Hello all. I have decided to try my hand at this journalling thing to keep track of my tanks, instead of posting threads here and there. Expect lots of photos whenever I update, but not great photos as I am no photographer!
The title of the journal reflects my greatest loves as of now... Goldfish, African dwarf frogs, and underwater forests. I am not sure how I will format things yet, so will have to experiment. I will try to make it interesting to read. Probably won't be a lot of betta related stuff in here (taking a break for now), so maybe you guys will learn something about my other fish.
December 26th, 2012:
Fishkeeping Story #1: The wrestling livebearers.
"Malayan halfbeak: $3.99"
Have been eying these strange fish, Dermogenys pusilla,
for several months at the store. Their stock had finally dwindled to two fish before I decided to take the risk today and get both. I'd been constantly deterred from these fish, as much as I love their look. "They will never eat prepared foods,
" "they are prone to breaking their beaks by smashing into aquarium walls,
" "they require brackish water,
" "they require acidic water,
" and a final go from the guy as he was bagging them "they get rather large and will eat fish as small as neon tetras.
This is a rather sensitive and unusual livebearer, able to live in everything from acidic to slightly brackish water. In nature they are insectivores, eating anything off the surface. Mine seem to enjoy flake foods, simple enough to provide. Though a skittish fish by nature, they fit in very well to my gentle community and settled in right away.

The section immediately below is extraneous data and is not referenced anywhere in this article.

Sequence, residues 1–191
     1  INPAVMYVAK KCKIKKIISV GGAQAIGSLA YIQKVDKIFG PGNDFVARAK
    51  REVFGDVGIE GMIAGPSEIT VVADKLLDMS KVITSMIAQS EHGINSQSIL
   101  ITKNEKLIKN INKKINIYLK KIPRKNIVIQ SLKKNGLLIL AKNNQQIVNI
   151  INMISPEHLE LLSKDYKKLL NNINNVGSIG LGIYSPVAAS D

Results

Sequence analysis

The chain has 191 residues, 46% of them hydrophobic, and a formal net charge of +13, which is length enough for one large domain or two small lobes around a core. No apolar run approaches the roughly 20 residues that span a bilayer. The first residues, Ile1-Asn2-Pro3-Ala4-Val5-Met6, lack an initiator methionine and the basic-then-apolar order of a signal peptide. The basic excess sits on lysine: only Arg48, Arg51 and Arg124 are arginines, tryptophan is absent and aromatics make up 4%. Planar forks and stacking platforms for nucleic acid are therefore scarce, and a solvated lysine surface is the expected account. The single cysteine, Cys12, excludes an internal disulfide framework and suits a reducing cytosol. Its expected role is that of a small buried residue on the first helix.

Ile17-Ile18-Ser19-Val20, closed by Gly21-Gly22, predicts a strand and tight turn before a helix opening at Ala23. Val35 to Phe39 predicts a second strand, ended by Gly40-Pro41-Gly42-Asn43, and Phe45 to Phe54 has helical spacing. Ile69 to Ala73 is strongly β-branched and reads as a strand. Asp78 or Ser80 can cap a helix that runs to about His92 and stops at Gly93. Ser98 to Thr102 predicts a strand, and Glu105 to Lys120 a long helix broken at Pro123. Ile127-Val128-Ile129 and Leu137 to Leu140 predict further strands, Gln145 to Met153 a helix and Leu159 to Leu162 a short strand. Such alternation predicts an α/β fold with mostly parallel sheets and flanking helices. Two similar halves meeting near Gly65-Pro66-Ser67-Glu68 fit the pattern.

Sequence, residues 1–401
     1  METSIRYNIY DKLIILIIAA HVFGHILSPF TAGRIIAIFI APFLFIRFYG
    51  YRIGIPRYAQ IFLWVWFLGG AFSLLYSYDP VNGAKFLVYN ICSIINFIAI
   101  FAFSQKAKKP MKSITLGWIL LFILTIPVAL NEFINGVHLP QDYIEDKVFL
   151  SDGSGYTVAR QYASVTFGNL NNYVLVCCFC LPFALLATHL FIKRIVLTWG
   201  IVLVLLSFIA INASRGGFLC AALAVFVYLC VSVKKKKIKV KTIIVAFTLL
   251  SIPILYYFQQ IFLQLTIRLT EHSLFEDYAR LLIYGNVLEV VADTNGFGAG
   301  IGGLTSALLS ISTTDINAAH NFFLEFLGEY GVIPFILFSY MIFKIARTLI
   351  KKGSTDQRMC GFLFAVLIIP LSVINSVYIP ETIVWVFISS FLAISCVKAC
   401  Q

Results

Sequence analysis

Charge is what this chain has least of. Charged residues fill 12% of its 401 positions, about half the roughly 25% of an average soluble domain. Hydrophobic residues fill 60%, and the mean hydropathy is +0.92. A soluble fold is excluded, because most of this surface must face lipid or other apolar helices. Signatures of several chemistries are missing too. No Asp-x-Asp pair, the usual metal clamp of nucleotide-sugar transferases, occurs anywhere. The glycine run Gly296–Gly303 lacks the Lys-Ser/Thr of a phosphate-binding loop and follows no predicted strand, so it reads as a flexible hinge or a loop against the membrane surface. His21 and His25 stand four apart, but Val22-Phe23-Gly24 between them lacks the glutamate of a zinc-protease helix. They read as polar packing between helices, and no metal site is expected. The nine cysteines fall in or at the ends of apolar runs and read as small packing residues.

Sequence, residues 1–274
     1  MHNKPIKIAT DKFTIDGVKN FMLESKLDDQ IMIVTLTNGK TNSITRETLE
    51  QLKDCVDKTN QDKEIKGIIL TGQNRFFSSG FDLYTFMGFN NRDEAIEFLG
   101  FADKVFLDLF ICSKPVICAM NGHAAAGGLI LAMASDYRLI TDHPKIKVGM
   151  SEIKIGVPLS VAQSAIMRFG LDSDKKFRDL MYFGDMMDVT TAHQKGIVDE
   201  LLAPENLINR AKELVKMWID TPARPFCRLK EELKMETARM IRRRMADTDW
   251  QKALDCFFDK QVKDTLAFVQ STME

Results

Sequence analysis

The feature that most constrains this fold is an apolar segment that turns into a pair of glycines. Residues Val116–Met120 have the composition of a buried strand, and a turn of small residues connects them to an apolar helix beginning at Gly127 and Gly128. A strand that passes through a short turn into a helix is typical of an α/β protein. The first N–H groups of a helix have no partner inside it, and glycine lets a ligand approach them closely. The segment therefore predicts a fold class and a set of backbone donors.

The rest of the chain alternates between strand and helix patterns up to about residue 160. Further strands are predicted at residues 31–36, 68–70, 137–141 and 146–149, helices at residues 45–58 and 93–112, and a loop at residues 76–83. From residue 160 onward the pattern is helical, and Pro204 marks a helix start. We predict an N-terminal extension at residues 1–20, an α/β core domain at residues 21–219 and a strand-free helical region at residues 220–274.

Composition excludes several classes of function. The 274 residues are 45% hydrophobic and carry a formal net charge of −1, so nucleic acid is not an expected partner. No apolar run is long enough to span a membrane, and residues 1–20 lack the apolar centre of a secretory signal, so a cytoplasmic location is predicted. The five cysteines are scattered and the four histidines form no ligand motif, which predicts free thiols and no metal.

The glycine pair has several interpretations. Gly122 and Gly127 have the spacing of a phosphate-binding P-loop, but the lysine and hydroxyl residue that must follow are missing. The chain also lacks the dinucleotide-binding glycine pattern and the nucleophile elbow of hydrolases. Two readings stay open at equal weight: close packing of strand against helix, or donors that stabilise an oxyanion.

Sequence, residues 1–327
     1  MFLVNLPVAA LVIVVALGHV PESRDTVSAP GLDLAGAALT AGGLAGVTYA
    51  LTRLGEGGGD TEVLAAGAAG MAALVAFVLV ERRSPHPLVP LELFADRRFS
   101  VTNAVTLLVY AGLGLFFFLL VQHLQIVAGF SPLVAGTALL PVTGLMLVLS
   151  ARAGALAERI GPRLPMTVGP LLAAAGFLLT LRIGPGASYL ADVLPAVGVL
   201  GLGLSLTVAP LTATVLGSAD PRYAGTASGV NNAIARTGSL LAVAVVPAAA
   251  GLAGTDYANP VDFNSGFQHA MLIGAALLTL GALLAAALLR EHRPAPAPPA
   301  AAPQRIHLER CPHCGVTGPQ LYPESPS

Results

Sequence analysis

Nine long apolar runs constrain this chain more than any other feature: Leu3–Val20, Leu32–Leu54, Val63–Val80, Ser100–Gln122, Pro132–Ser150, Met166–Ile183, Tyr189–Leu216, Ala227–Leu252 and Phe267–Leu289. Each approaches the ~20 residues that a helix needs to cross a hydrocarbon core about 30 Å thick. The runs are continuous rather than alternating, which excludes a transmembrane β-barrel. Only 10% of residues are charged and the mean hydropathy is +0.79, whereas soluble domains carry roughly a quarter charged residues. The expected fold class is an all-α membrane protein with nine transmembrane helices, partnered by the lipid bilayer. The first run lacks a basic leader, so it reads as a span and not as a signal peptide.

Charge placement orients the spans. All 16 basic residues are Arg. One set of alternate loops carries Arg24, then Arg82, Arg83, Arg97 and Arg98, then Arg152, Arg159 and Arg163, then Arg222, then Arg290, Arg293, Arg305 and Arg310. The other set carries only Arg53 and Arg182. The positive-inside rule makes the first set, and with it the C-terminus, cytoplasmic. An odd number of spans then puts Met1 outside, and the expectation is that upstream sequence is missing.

More commonly known as a wrestling halfbeak, this is the most common species seen in stores. In their native range of South-East Asia, males are often fought in bowls, much like bettas.
In tanks however, males and females can coexist just fine as long as they have their space.
If sexing them is anything like sexing other livebearers, I have two females right now. If I take a liking to them, I will get some more next time they are available, and try breeding them. Though they are livebearers they are tricky to breed, often producing stillborn fry in captivity.
Fishkeeping Story #2: The new tank.
With the death of all my betta fish (minus Pip), I was left with an empty 15 gallon. Upon bleaching and restarting the tank, I was left with an exciting blank canvas to fill with what I wish.
Currently, there are six Pangio oblonga
(black kuhli loach) in this tank. Secretive little guys, as much as I love them they do spend a good deal of time hiding in the back of the tank or under decor. I see them enough that I am satisfied though.
Enter two blonde African dwarf frogs, currently unnamed. Was not planning on these but I had never seen the blonde ones so I impulsively bought them.
As of today I also added four true rummy nose tetra, species Hemigrammus rhodostomus
, and am waiting for the shop to get more so I can bump the school up to seven. They stay together rather nicely for the most part, which I'm impressed with.
I was hoping to finish off the tank with a group of Dario dario
, scarlet badis, but have been told it will likely be months before these are back in stock. A school of lemon tetra, or glowlight tetra is also possible (yes my tanks are overstocked by all general schools of thought). Hopefully patience holds out of these beautiful, small, fish. I am always in the market for any of the dwarf cory species as well.